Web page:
Your tool kit for for the ’22 legislative session

The New Hampshire General Court is back in business in Concord for 2022, and things look closer to normal in House and Senate than they did last year. Here are some links and information to help you get your pro-life messages across to your representatives. Bookmark this page for reference during the 2022 legislative session.

The basic site, starting with ID’ing your reps

The General Court website (gencourt.state.nh.us) is your guide to keeping up with legislative business in New Hampshire. Spend a few minutes exploring it. It’s been revamped since the beginning of the last session, so it might look different than you’re used to. Same good information, different design.

  • New Hampshire House members page (gencourt.state.nh.us/house/members): you can select your town from a drop-down menu and find out the name and contact information for each of your state representative. Your town or ward might have only one rep or more than a dozen. Make sure you know who they are, regardless of party or voting record. Each and every one of them is accountable to you. Bonus on the House contact page: you can download a complete House roster, if you’re so inclined.
  • New Hampshire Senate members (gencourt.state.nh.us/senate/members/wml.aspx): select your town from the drop-down menu to get your senator’s name and contact information. The full Senate roster is on a separate page.
  • Finding bills: the left side of the General Court homepage will help you look up a bill by its number, a keyword (text), or sponsor’s name.
  • The House standing committees (gencourt.state.nh.us/house/committees/standingcommittees.aspx) page will give you a link to each policy committee – Education, Judiciary, Health and Human Services, and so on. That’s where to find the names of each committee member.
  • Likewise, the Senate has a committee page (gencourt.state.nh.us/senate/committees/senate_committees.aspx).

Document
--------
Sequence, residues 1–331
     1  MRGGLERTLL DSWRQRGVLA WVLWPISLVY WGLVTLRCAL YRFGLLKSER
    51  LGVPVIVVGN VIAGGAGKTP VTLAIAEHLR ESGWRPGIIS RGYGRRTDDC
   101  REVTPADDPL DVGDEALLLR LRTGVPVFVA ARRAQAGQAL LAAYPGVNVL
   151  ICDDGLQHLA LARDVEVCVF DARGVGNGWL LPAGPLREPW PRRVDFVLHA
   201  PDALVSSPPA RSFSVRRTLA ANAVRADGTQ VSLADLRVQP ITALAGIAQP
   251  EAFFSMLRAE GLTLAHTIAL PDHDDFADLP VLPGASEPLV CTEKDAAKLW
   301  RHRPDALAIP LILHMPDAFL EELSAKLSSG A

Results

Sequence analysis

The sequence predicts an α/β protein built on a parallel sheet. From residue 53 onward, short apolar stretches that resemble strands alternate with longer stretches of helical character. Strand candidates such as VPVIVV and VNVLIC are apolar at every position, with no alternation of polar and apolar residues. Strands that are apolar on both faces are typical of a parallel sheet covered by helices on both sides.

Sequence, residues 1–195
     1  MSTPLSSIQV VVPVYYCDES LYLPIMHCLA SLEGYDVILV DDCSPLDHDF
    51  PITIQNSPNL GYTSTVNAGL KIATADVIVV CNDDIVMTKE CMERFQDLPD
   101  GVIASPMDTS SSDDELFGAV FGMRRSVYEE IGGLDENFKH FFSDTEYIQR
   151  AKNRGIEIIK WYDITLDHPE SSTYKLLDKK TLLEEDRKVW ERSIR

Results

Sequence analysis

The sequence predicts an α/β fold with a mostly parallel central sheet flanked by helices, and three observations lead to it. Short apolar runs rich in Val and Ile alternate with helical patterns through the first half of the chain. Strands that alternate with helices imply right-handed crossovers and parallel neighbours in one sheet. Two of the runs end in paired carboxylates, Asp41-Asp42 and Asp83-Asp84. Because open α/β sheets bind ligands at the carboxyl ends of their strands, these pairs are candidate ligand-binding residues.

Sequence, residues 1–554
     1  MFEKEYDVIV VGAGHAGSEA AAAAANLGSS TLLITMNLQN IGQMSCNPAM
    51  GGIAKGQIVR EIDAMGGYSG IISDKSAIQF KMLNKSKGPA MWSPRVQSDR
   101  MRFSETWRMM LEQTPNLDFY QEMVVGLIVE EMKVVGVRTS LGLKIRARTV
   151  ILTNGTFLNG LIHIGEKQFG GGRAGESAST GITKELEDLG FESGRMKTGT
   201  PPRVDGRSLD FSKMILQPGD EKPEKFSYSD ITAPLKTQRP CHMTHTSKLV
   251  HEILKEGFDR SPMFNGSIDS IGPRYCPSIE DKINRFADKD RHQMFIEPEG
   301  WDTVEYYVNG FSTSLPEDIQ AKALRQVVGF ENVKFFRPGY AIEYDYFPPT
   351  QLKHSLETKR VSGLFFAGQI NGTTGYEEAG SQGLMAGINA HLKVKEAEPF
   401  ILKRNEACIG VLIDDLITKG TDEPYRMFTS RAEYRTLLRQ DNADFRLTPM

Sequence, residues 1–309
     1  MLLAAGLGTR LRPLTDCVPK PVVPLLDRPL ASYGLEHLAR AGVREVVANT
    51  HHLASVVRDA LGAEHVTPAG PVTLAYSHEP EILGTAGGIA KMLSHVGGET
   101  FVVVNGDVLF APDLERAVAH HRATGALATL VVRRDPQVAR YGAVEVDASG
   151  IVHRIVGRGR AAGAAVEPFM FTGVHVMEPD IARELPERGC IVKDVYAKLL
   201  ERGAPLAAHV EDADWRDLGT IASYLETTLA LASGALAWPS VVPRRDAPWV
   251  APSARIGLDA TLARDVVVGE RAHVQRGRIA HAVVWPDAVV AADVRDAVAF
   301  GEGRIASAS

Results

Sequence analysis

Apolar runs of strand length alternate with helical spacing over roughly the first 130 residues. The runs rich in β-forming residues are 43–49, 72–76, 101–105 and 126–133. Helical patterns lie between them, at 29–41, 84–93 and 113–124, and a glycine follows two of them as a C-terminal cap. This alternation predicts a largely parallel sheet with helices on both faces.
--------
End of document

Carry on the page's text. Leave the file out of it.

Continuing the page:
Calendars

The House and Senate calendars, published weekly in printable PDF format, list all the public hearings for the coming week. The calendars are usually available online on Thursday evenings. Each chamber (House and Senate) maintains a digital calendar as well.

Hearings: in person and online

[edited to add this information] While you need to attend a hearing in person in order to offer spoken testimony, you can listen to hearings online. Click on the House or Senate digital calendar to find the committee or bill whose hearing you want, and you’ll find a link to the livestream.

Testifying on bills, and the critically-important remote sign-in procedure

One big change from 2020’s pandemic-triggered online procedure: you won’t be able to testify during a hearing remotely this year. If you want to speak to a committee at a hearing, you need to get yourself to Concord. Expect rooms to be set up with some distance between seats. As of early January, masks are optional in the State House and Legislative Office Building, but that policy could change. I’ll keep a mask handy when I head to Concord.

However, one innovation from last year is being continued, and it’s a good thing: you can sign up remotely to register your opinion to committee members on a specific bill. This is a very important development in public participation. During a hearing, the committee clerk will read aloud the tally of sign-ins, pro and con. If a life-issue bill has 600 people registering one way and only 30 registering the other, that’s going to be news.

Remote sign-in on a bill is available as soon as the bill is posted in the calendar, and you should sign in no later than 30 minutes before the scheduled start of a hearing to make sure the committee clerk has your name.

When you fill out the online sign-up form, you should get a confirmation page with instructions for submitting written testimony if you want to indicate more than simply support/oppose.

Anyone – whether testifying in person, signing up remotely, or doing neither – can submit written testimony to any committee on a bill being heard by that committee. If you email the committee at its address (remember those committee pages I mentioned above), the message will automatically go to each committee member. You can also use snail mail sent to a committee or its individual members (remember the postal service?), which nowadays could make your message stand out. Every elected official is flooded with emails, particularly when the topic is a life issue.

Brevity, clarity, charity

Whenever you contact a legislator or committee:

  • Keep it brief. If you’re testifying in person, you’ll probably have no more than three minutes. If you have a relevant personal story, talk about that. Your written testimony can be longer, and it can include documentation or data to augment your spoken testimony. Once a bill gets to the full chamber for a vote and you’re contacting each one of your reps, it’s best to be brief once again. Let them know you’re happy to offer more information, but for the most part, they’ll only have time to read a short message.